President Bush and his Democratic Party challenger, John Kerry, have staked out sharply different positions on the controversial subject of embryonic stem cell research. Scientists say the use of cells from human embryos could lead to treatments for a wide variety of diseases and medical conditions. But American scientists are warning that federally funded research of existing stem cell lines is of limited value. VOA's Michael Bowman examines the heated political debate about stem cell research, and how the controversy is putting the scientific community under a microscope.
For years, Americans have been told of the miraculous potential of human embryonic stem cells, which are formed in the earliest stages of life and can adapt to become any tissue in the body. Democratic Party presidential hopeful John Kerry has repeatedly called for expanding stem cell research.
"I believe, if we have the option, which scientists tell us we do, of curing Parkinson's [disease], curing diabetes, a spinal cord injury, anything! That is the nature of the human spirit," Mr. Kerry said. "I think it is respecting life to reach for that cure."
But embryos have to be destroyed when stem cells are harvested, a fact that ignites passions and fuels controversy. President Bush takes the position that all human life, in all stages of development, is sacred. It therefore came as a surprise to many of his Republican allies when, in 2001, he endorsed federal funding for stem cell research. But the president restricted research to a small number of existing stem cell lines where the embryo had already been destroyed - or, as Mr. Bush has noted, "where the life-and-death decision had already been made."
"Embryonic stem cell research requires the destruction of life to create a stem cell," Mr. Bush said. "I am the first president ever to allow federal funding for embryonic stem cell research. I did so because I, too, hope we will discover cures from the stem cells. But I think we have to be very careful in balancing the ethics and the science."
As a group, the scientific community strives to be non-political, and the emergence of embryonic stem cell research as a contentious issue in this year's presidential race has put researchers in an uncomfortable position. Addressing a recent gathering of top stem cell researchers in Washington, Harvard Medical School professor George Daley tried his best to appear non-partisan as he made a plea for access to more embryonic stem cell lines.
"I think President Bush is to be given credit for recognizing the enormous scientific value of these cells," Mr. Daley said. "But I have been frustrated as well, because the way the policy was crafted limited us to the stem cell lines that existed at the time. Since the policy was announced, we now have an enormous number of additional embryonic stem cell lines, some of which model human disease and would be important reagents for our studies, but unfortunately for which we cannot use our federal money. Embryonic stem cells are invaluable research tools. We hold hope that it will be a new modality of medicine, and for that we would need an expansion of the current presidential policy."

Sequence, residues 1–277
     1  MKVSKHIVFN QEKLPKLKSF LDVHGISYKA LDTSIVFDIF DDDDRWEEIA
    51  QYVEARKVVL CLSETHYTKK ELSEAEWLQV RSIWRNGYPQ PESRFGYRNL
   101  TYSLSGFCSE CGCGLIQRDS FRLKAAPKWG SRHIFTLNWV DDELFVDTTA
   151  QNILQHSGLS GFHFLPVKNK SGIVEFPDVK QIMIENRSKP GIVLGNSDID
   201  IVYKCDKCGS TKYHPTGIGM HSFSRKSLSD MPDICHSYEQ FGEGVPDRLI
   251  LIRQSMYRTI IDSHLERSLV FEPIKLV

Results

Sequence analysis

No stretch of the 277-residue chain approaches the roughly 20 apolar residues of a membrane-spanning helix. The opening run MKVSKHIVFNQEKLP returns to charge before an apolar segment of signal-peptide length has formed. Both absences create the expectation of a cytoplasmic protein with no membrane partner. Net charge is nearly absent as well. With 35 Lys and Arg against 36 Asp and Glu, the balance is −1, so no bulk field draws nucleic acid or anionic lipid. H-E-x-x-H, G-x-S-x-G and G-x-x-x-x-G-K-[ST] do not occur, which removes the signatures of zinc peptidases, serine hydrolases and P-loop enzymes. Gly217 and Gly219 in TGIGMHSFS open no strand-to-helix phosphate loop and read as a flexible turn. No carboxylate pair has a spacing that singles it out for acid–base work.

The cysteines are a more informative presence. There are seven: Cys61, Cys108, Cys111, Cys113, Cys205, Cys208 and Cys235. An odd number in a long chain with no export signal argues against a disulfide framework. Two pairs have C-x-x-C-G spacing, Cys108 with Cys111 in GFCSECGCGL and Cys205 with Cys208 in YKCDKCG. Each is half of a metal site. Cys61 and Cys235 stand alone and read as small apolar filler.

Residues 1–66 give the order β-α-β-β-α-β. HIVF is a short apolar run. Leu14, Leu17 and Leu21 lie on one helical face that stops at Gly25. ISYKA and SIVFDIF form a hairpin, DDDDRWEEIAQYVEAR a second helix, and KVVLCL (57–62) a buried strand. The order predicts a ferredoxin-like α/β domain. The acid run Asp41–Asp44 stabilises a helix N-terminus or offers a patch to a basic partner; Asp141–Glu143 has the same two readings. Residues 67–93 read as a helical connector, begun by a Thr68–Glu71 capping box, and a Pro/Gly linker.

Mr. Daley notes that embryonic stem cell research is progressing in several dozen countries, many of which do not operate under restrictions like those imposed by the Bush administration in the United States.
Scientists say they hope public opinion surrounding stem cell use will be molded by facts, not political rhetoric. James Battey is a researcher with the National Institutes of Health, which funnels much of the federal funds used in medical research in the United States.
"There is a tremendous thirst for knowledge out there," Mr. Battey said. "There is also a lot of public opinion being formed based on very bad information. And I think there is room for people to have many different points of view about this research. I would just make a plea that those points of view be formulated based on factual information and not misinformation."
Even the most optimistic researchers caution that actual cures for diseases like Parkinson's may be many years away, with or without expanded access to embryonic stem cells in the United States. While many scientists involved in the research appreciate John Kerry's position in favor of stem cell research, some say they worry that the candidate's pronouncements may raise false hopes among the general public, including the very ill, that wondrous cures are just around the corner.